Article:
Another common menopause symptom? Low libido. One in three women report experiencing low sexual desire or interest. Coupled with another common symptom, vaginal dryness (30% of women experience it in perimenopause and 75% postmenopause), and many women are left with little sex drive.
I always encourage women to remember that sex: 1. Does not have to be with a partner, and 2. Does not solely mean intercourse. Masturbation can be an excellent way to get in touch with sexuality and intimacy while relieving stress, helping you sleep better and even relaxing cramps.
Less common menopause symptoms
As I mentioned before, it’s important to be aware of menopause symptoms outside of the ones you may come to expect. Knowing that certain symptoms can be related to perimenopause can help you identify them sooner and arm yourself with knowledge so you and your doctor can work to resolve issues sooner.
Here are some less common menopause symptoms to look out for as well as the percentage of women who experience them:
- Heart palpitations (25% of women report “distress” related to a racing or pounding heart)
- Brittle nails (compared to premenopausal women, postmenopausal women experience a 30% reduction in blood flow to nail beds)
- Weight gain (Over a 3-year study following 3,000 women, researchers found that women between the ages of 42 and 52 gained an average of 4.6 pounds)
Perimenopause treatment options
If your perimenopause symptoms are affecting your quality of life, there’s no need to suffer in silence. Luckily, we’ve come a long way in terms of perimenopause treatment options.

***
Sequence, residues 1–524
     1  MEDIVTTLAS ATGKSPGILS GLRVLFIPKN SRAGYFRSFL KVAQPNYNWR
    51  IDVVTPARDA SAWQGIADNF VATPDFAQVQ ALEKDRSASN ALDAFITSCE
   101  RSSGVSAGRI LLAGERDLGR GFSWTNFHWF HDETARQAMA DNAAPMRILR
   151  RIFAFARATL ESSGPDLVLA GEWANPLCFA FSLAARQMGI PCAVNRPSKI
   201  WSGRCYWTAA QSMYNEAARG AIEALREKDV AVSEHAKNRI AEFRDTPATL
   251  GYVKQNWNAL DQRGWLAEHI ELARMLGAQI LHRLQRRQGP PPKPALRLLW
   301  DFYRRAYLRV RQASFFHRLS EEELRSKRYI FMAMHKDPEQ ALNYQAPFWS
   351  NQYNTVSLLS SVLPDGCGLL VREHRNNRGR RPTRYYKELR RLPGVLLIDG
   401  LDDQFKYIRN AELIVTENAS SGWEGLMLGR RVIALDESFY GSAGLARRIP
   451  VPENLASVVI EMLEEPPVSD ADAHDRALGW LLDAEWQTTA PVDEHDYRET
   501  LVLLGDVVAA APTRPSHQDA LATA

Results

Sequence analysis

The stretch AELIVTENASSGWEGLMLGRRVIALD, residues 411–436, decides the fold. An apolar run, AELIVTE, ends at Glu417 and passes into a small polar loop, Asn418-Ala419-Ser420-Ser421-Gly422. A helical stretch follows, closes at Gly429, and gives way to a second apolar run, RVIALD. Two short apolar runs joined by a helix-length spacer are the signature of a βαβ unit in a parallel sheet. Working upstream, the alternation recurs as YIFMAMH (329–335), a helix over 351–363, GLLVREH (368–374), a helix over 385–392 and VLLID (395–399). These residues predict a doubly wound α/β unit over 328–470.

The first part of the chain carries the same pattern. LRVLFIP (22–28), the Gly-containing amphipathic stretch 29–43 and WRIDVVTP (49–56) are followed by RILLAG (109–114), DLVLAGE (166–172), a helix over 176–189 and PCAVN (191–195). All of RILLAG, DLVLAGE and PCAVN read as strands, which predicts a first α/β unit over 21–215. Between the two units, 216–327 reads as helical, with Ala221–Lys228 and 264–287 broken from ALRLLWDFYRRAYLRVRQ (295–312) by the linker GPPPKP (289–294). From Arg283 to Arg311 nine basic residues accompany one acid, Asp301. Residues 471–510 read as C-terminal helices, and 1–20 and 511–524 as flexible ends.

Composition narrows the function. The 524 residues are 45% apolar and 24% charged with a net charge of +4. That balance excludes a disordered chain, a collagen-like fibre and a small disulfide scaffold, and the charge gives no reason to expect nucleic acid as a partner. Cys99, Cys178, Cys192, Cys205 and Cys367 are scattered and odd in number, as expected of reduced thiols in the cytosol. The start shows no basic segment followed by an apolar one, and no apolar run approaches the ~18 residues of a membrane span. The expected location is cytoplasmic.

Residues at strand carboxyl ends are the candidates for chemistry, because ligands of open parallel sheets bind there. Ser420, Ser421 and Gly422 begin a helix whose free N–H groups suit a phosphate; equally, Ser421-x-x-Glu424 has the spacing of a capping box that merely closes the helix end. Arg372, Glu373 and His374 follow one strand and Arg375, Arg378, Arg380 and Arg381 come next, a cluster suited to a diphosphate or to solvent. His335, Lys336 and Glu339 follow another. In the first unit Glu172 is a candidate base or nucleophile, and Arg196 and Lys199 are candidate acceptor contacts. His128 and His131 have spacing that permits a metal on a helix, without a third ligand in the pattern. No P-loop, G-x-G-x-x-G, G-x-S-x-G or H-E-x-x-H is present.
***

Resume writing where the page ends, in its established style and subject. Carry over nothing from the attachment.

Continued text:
It’s always best to talk with your doctor about what treatment options are best for you. That said, many women, even those using hormonal therapy treatment, find relief with holistic therapies like supplements and lifestyle changes. Diet is really important here—try to avoid sugar and prioritize self-care and movement.
Your doctor will be able to tailor treatment to your specific needs, but may recommend things like acupuncture, therapy and/or targeted supplements. There are a lot of supplements marketed for menopausal symptoms, some with evidence behind them and some without. Helpful supplements may include magnesium, vitamin B complex, ashwagandha, vitamin D and melatonin. Their uses and targets should be discussed with a healthcare provider.
Common perimenopause treatments may include temporary low-dose birth control (the Pill) and other hormone therapies like hormone replacement therapy (HRT). Essentially, these treatments replace hormones that may be naturally depleted as you approach menopause. These treatments should be individualized to you, and like all treatments, HRT has benefits and risks.
Additionally, there are also non-hormonal medications that are sometimes prescribed for perimenopause and menopause symptoms as well. The bottom line? If you’re experiencing symptoms, I encourage you to talk to your doctor. Keep track of your symptoms and their intensity and frequency so you’re armed with knowledge about your own body and can find the best possible care and treatment to help you feel your best.
Dr. Anna Barbieri, Elektra Health’s founding physician and co-founder of TaraMD, an integrative gynecology practice, is a board-certified gynecologist and a North American Menopause Society-certified practitioner. She serves as Assistant Clinical Professor of Obstetrics and Gynecology at Mount Sinai School of Medicine in New York. Dr. Barbieri is also trained in integrative medicine through the Center for Integrative Medicine at the University of Arizona.